Review: Still Patient? - Zeitgeist Weltschmertz

Originally formed in 1988, Still Patient? released their first album, “Salamand”, in 1992. Considered to be a stalwart pillar of the German gothic rock scene in the 90’s Still Patient? broke up in 1999 after producing five albums and performing many successful shows.

In 2012, Andy Koa, the original and current lead singer felt it was time to bring back Still Patient? and rework some of their songs to be the way they had originally wanted them while also writing and recording new material. The next year they were invited to perform at Wave Gotik Treffen 2013 and have been continuing to perform, create new music, and make beautiful videos since. The current members of Still Patient? are Andy Koa (vocals & programming), Bec Kes (guitars), Pogue-O (guitars), and Guido (Bass).

Released May 18th, 2018 on Dark Dimensions Label Group, “Zeitgeist Weltschmertz” reflects the maturity gained during the band’s 14 year break and explores both expansive and introspective topics. The title of the album sets the mood of the world-weary feeling of the current times. Literally, the title of the album means the mood of the current age (Zeitgeist) is a melancholy that cannot be sated by the materialism of the world today (weltschmertz).

It would be easy for Still Patient? to go back to the old days where they created the gothic rock sound that made them so popular in the 90’s German goth scene, picking up where they left off as if there were no break at all. It would be so easy to ride the wave of nostalgia that so many are tapping into and the fans are snapping up hungrily asking for more. It would be easy but it wouldn’t be Still Patient? if they chose that path. Instead, they offer a full-length release that takes us through a journey laced with social injustice, heartache, and deeply personal reflection that honors their past while standing solidly in the present.

The sonic landscape of “Zeitgeist Weltschmertz” comes on strong with heavy rock guitars layered with classic gothic guitar riffs continuing throughout the album creating continuity that makes this album a cohesive work. Still Patient? manages to create a lush gothic rock sound, heavy on the rock. There is no compromise when it comes to the guitars, they are leading us exactly where the band wants us to go, and oh, we WANT to go there! The bass supports and lifts the songs adding to the overall feeling of pushing ever forward, sometimes going light and all but disappearing into the guitars only to drop down and add a heaviness that satisfies something almost visceral.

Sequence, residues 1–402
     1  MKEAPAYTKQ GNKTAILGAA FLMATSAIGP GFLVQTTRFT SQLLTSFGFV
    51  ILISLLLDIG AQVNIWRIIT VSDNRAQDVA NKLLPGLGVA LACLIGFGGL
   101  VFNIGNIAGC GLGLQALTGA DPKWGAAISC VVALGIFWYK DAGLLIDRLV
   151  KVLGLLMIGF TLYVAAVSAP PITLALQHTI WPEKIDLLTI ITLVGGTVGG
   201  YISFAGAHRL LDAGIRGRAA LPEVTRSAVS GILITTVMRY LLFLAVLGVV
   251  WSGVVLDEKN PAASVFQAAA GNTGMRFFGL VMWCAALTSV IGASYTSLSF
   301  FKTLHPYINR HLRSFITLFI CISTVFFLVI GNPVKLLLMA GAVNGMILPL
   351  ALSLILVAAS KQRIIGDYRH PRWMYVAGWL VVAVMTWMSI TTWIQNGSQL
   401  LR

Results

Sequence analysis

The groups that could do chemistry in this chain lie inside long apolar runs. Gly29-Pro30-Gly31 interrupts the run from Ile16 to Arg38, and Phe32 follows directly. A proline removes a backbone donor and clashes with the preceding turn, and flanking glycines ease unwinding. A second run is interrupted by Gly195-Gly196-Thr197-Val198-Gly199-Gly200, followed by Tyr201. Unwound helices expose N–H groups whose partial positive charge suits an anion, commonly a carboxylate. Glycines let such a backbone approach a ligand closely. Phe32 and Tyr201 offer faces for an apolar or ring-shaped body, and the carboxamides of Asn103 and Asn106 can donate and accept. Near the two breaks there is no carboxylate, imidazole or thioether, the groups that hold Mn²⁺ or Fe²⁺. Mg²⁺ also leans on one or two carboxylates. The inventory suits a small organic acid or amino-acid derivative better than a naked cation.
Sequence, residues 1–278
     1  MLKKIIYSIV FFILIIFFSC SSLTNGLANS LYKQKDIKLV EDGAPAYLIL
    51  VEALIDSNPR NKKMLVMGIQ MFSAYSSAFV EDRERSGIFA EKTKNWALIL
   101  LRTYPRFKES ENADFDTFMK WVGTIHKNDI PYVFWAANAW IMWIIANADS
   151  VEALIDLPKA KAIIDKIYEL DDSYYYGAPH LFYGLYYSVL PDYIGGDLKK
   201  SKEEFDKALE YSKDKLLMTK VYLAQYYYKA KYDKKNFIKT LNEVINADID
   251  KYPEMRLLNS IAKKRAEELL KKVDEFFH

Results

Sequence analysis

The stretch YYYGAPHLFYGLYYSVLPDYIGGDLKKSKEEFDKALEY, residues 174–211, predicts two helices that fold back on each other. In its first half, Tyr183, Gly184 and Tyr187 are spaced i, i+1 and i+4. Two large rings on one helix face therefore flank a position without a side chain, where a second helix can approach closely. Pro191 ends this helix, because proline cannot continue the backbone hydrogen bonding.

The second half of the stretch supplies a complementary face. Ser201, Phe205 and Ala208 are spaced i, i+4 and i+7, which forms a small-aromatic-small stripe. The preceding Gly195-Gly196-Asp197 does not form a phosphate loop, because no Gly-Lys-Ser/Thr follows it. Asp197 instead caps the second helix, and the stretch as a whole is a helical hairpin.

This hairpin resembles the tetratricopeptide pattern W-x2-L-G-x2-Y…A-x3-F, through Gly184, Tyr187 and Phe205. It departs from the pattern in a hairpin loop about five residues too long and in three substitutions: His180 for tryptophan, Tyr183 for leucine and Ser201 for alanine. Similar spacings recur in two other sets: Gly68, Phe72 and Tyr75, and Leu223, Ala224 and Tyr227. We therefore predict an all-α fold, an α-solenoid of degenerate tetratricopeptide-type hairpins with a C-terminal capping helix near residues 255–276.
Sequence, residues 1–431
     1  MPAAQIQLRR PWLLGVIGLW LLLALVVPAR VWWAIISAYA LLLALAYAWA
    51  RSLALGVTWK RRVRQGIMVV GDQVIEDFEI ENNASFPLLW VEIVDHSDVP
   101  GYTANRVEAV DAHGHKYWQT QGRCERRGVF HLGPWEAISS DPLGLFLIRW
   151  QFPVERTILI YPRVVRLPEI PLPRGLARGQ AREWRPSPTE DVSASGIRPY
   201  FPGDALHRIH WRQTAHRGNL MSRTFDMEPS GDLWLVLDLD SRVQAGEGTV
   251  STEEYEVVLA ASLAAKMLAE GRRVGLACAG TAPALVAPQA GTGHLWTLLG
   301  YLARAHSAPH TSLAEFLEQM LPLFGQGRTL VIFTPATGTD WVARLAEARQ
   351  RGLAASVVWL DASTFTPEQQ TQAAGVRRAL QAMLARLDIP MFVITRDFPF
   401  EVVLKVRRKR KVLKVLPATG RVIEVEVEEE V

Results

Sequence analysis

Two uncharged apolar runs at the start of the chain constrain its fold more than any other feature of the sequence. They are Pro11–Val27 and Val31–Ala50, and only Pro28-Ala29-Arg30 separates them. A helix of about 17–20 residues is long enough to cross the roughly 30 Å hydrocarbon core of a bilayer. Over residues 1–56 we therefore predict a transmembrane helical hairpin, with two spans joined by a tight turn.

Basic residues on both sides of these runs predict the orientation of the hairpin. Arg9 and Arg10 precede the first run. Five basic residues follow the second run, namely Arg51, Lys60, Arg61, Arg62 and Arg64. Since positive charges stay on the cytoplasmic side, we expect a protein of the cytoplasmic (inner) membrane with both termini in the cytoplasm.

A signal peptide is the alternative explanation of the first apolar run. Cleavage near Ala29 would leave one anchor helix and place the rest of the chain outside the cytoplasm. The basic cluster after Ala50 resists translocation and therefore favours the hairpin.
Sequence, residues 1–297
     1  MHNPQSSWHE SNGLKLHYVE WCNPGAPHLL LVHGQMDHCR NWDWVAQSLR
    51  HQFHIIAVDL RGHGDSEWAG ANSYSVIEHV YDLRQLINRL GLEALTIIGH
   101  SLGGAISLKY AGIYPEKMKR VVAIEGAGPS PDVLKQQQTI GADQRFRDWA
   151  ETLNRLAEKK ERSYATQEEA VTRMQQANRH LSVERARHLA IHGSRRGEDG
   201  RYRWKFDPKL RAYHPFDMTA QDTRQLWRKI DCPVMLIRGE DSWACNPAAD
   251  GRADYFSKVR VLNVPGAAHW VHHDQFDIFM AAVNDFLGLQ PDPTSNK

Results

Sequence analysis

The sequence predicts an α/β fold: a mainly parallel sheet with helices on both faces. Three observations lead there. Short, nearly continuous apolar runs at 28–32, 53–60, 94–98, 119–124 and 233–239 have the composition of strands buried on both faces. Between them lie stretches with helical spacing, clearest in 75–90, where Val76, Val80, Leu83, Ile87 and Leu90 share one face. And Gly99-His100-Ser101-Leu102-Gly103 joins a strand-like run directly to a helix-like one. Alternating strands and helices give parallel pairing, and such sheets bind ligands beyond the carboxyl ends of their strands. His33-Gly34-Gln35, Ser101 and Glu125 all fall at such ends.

Let’s take a look at the tracks from Zeitgeist Weltschmertz:

The Ghost of Tides - Opening the album with a single guitar, The Ghost of Tides brings in each instrumental layer and building to a crash that starts the song and overall mood of the album. This track is about those ghost of your past that have a way of coming back to you when you least expect them to and there is no escape because they are part of you. Moving forward while still using the descending gothic rock sound the lyric repeats , “There is no way in, there is no way out…” there is still a somehow hopeful sound punctuated by razor-sharp rock guitar playing.

Drag Me Down - We get a treat with a nice bass line starting off Drag Me Down and guitar riffs that stay just this side of metal while psychedelic pick dragging gives this tune a feeling close to being spun in the middle of a merry-go-round. Temptation is almost palpable in the feeling of the lyrics as they call to ecclesiatic mythos in the struggle to resist while still giving in to that bestial part of ourselves.

In The Name - Hard driving from the start the chopping guitars change key but keep that energy throughout the song, punctuating the more harshly sung chorus. In The Name addresses the perversion of religion to control the masses and force needless sacrifice and bloodshed. With the desolation of falling prey to religious corruption and turn on each other, In The Name ends with the lyric, “There is no god like this to follow, spreading hope with promises to borrow” throwing back the false promises made to gain control.

The Man - An ominous synth track sits at the bottom of The Man as rock guitar reminiscent of the early 80’s sneaks in to open up to a more modern sound that brings in it contemporary dark rock sound. This song isn’t about a specific historical figure, it is a conglomeration of the many who have been exalted as a savior only to be turned to a scapegoat when they bring corruption to light. With strong rock guitars backing the periodically scratching vocals, the breaks featuring the bass bring home the chorus “Burn, let him burn” making this song smoother than expected with its different textures.